How popular is the baby name Philander in the United States right now? How popular was it historically? Find out using the graph below! Plus, see baby names similar to Philander and check out all the blog posts that mention the name Philander.
Boston’s Central Burying Ground was established in 1756, so it’s newer than the other Boston cemeteries I’ve blogged about (King’s Chapel, Granary, and Copp’s Hill). Nevertheless, it still contains some pretty interesting names:
- A: Aderline, Alford, Alona, Alpheus, Alsendorf, Annjulett, Antice, Anstice, Arodi, Artemis, Asadel
- B: Barstow, Barzillia, Belcher, Benaset
- C: Calista, Christeena, Clarena, Clarentine, Cumming
- D: Dolley
- E: Ede, Elbridge, Elhanah, Eliakim, Emely
- F: Fletcher, Freelove
- G: Giles, Gilman, Gustavus
- H: Hannahretta, Hawkes, Hepzibah, Hermione, Hezekiah, Hitty
- I: Ichabod, Ignatius, Iphigenia
- J: Jaazaniah, Jennet
- K: Keziah
- L: Lendall, Llewlwyn, Loms, Lot, Lyman
- M: Manasseh, Mansfred, Marayanna, Marston, Mayday, Mehitable, Micajah, Milla, Mindwell, Minerva
- N: Nabby, Nahum
- O: Orvilla
- P: Pamelia, Percival, Phebee, Philander, Pliny
- R: Rodolth, Rosalinda, Rosamund, Ruhamah
- S: Sally, Salome, Seiba, Shubael, Shubel, Sibley, Silence, Silvanus, Sophronia, Sukey, Sylvanus
- T: Tamer, Ternon, Theophilus, Tristam, Tryphena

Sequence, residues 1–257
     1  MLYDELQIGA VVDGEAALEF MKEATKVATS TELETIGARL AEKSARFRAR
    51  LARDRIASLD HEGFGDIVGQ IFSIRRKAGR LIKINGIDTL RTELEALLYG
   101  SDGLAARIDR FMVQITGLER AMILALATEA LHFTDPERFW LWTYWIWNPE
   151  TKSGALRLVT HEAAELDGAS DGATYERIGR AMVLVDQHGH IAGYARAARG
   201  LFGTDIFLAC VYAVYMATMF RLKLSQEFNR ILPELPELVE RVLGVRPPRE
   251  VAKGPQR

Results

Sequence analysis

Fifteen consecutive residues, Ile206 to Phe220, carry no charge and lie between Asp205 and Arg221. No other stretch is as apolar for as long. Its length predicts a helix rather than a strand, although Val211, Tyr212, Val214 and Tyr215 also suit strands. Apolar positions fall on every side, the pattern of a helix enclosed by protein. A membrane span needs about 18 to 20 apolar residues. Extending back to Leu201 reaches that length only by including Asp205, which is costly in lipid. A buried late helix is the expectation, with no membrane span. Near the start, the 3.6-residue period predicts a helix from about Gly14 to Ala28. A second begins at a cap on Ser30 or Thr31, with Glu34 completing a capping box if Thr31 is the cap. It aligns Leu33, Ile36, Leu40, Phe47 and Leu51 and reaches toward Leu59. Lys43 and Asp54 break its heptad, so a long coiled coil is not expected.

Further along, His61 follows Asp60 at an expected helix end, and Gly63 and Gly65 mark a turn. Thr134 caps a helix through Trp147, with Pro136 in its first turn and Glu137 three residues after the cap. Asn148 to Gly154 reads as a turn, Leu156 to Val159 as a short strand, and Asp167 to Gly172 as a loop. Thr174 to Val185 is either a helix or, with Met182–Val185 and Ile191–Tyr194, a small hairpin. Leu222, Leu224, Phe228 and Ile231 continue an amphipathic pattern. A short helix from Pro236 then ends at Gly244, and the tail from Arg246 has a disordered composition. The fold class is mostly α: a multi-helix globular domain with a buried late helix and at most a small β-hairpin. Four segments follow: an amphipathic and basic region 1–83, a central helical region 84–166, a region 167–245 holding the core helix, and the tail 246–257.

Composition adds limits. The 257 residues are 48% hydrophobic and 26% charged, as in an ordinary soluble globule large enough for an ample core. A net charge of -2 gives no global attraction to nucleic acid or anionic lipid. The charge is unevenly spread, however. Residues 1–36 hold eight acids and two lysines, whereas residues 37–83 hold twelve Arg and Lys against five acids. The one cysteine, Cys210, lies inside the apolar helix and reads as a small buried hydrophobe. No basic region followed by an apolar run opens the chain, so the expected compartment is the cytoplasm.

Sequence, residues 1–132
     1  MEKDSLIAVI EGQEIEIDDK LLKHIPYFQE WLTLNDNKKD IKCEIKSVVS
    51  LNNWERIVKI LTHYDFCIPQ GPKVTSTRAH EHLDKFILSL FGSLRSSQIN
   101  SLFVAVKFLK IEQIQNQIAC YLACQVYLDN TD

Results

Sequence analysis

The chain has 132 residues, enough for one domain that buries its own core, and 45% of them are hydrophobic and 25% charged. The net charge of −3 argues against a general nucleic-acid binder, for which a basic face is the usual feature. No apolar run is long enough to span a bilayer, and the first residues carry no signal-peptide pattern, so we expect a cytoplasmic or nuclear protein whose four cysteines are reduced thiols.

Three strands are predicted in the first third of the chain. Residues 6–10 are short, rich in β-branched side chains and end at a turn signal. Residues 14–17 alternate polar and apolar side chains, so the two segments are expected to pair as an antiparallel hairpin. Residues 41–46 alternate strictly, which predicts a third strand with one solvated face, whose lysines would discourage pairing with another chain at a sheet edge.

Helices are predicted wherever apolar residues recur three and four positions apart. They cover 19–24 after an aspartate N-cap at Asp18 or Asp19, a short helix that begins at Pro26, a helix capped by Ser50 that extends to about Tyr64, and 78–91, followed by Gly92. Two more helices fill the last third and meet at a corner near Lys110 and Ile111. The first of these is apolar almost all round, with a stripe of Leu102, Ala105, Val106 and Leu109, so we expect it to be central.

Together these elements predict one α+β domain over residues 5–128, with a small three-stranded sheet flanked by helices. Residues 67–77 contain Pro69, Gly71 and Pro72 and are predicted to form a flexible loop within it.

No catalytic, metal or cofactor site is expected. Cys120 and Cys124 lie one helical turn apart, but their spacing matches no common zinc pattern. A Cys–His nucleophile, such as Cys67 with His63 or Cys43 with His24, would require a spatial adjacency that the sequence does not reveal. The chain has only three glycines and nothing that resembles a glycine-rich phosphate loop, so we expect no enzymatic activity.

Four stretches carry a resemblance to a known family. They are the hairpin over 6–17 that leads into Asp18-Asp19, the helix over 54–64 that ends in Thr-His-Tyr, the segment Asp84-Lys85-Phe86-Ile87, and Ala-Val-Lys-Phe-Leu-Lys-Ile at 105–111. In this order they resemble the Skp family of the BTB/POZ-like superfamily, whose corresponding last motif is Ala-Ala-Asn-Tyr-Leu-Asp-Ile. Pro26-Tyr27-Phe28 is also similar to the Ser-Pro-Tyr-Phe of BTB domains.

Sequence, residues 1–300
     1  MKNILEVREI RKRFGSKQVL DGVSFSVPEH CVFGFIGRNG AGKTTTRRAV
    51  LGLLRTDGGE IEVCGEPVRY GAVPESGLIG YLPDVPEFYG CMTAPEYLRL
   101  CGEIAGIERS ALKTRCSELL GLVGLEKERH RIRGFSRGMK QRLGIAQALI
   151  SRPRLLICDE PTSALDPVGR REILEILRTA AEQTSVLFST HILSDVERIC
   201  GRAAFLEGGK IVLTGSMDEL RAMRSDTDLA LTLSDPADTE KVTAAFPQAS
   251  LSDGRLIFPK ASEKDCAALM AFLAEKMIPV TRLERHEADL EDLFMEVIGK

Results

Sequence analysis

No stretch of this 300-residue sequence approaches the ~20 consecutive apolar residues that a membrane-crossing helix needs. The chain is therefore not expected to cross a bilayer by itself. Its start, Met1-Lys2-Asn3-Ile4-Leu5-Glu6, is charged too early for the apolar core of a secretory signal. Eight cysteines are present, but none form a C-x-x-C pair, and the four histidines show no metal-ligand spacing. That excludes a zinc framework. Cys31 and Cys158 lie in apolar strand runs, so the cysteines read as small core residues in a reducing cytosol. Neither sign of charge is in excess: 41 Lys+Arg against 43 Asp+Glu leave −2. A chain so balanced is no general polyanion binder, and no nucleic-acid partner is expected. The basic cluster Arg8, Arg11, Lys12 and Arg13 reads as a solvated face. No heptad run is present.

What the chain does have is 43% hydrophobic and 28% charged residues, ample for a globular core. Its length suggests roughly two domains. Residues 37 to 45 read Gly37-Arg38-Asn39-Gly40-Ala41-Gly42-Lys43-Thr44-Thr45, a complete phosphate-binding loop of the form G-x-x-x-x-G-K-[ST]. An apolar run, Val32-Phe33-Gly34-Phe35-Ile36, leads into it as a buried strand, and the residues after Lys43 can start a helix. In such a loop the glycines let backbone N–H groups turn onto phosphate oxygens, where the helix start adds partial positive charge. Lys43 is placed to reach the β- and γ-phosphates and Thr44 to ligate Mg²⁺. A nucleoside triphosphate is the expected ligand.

- V: Vivia
- W: Waverly, Wentworth, Worham, Winthrop
- Z: Zabiah, Zebiah, Zeal, Zephaniah, Zilpah
I bet Vivia would appeal to modern parents looking for an alternative to Olivia and/or Vivian.
Which of the above do you like best? How about least?
Source: Gravestone Inscriptions and Records of Tomb Burials in the Central Burying Ground (1917) by Ogden Codman
The most bizarre name I spotted while reading through headstone inscriptions from Copp’s Hill Burying Ground (est. 1659) was Tickleemanbeck:
Is that a surname or a first name? Or, was this a mononymous person? A Native American, maybe? I have no idea.
The rest of the more unusual names weren’t all that unusual, really, given the time period. Most of these occurred just once in the records:
- A: Achsah, Ales, Almeda, Ammi, Annis, Aquila, Archibald, Artor, Asahel, Avis
- B: Bethesda, Buckland
- C: Cornelius, Cotton (Cotton Mather), Christiana, Christon, Custin
- E: Edee, Eliphal, Ellsy, Esdras
- F: Flora, Fortesque, Furnell
- G: Gershom, Gibbins, Goodeth
- H: Harbottle, Hemmen, Henretta, Hephsibah, Hezekiah, Hindreh (called Henry in other records), Holland, Hopestill, Hotton
- I: Increase (Increase Mather)
- J: Jemimia, Job, Joses, Judet
- K: Kathron, Kezia
- L: Lettice/Lettuce, Love
- M: Mehetebel/Mehitabel
- O: Obedience
- P: Palsgrave, Pelatiah, Philander, Prissilah
- R: Rosetta
- S: Seeth, Sewall, Shem (Shem Drowne), Sibella, Silvanus
- T: Tamazen, Temperance, Theodocia, Tickleemanbeck
- W: Willmoth
Finally, here are two earlier posts with names from two more historical Boston cemeteries: King’s Chapel (est. 1630) and Granary (est. 1660).
Yup. A baby girl born in New York in 1814 was named Encyclopedia Britannica Dewey.
Her father was a minister named Timothy Dewey. With his first wife, Anne, he had a baby boy who got a traditional name (George Robert Dewey). But with his second wife, Beulah, he had at least 10 kids, all of whom got more distinctive names: